Kumar, who is currently the Fred H. Merrill Professor of Operations, Information and Technology at the Stanford University Graduate School of Business, will begin his five-year term at Booth starting January 1, 2011. He brings with him an extensive resume of thought leadership in the operations management space. Kumar also is familiar with the role of leading an MBA program, currently serving as Stanford GSB’s Senior Associate Dean for Academic Affairs.

Over the past decade Booth has certainly spread its wings beyond hardcore quant and finance to gain a more well-rounded reputation among applicants and leaders at other schools. Appointing an “ops guy” like Kumar suggests that the school is comfortable with how far its reputation has come recently, and doesn’t feel a need to go any farther than it already has. Ten years ago, we wonder if the school, which has been interested in broadening its branding beyond the stereotype of hardcore quant-types, would have made this same appointment. That’s not to say that Kumar’s leadership will put a damper on the school’s other departments — everything we’ve seen about him suggests that he’s a well-rounded leader who happens to have a PhD in Electrical Engineering — but it’s an interesting signal about what the search committee thinks the school needs more right now.

“I am excited to become dean of Chicago Booth,” Kumar said in a released statement. “I share the school’s passion for the pursuit of ideas that hold up under careful scrutiny. I look forward to helping strengthen and enhance Booth’s outstanding research environment and its rigorous, discipline-based approach to business education. I am eager to get to know the faculty, students, alumni, and staff of the school, and to engage with the business community in the city of Chicago.”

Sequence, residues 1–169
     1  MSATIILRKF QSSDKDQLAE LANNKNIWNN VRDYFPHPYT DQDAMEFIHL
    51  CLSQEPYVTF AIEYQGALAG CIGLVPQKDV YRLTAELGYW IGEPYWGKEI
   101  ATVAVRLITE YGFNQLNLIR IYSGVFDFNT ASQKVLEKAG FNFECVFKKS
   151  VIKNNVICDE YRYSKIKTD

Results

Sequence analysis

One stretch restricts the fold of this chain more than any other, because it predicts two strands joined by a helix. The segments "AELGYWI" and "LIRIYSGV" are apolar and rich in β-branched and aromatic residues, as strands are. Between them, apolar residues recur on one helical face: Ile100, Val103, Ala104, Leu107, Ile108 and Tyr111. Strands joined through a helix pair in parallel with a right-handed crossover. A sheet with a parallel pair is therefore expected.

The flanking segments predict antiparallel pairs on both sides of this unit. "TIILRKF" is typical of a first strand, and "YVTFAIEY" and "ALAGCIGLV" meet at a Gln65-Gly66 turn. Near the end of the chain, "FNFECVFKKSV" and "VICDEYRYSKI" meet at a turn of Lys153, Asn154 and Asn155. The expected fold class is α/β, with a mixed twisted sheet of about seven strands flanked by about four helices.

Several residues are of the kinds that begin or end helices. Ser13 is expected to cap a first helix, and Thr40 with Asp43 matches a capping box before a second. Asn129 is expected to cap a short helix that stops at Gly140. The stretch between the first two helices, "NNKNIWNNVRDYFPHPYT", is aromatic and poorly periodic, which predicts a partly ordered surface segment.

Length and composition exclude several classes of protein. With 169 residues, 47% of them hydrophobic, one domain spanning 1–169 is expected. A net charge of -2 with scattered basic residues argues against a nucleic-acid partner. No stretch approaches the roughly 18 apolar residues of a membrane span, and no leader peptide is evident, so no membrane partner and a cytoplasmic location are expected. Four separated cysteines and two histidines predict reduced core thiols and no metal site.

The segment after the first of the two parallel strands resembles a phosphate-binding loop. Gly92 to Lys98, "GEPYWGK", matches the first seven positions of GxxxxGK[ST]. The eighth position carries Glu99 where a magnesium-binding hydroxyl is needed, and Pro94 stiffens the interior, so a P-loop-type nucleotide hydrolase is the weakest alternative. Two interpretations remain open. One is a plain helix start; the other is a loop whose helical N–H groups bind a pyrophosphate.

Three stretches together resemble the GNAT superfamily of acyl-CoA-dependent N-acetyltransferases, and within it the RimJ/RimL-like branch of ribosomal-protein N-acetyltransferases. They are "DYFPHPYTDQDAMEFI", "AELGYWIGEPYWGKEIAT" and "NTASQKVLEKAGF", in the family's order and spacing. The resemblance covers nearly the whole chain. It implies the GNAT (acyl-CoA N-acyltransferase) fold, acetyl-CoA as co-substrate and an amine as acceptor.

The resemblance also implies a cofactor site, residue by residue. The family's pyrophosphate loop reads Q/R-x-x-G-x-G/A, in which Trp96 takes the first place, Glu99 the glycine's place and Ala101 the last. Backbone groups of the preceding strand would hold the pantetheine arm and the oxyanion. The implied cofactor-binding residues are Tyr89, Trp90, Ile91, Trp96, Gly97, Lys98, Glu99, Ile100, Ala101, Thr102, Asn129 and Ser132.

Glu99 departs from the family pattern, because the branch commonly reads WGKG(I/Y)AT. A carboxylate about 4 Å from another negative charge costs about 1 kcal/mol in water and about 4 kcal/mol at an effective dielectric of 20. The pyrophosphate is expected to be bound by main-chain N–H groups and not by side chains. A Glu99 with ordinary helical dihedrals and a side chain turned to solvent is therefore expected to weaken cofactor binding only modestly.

No doubt about it, Kumar has some large shoes to fill. Snyder’s tenure at Booth was arguably the most successful run by any business school leader over the past decade: In 2008 alumnus David Booth donated $300 million, a staggering sum that led to the school changing its name from the University of Chicago Graduate School of Business to Chicago Booth. The school also opened its new state-of-the-art Harper Center, which has significantly improved the quality of life for the student body. And, Chicago Booth’s global footprint has also grown significantly over the past decade, with a new campus in London and a planned campus expansions in Singapore. It’s hard to argue that any dean has had more of an impact on his or her school over the past ten years than Snyder had.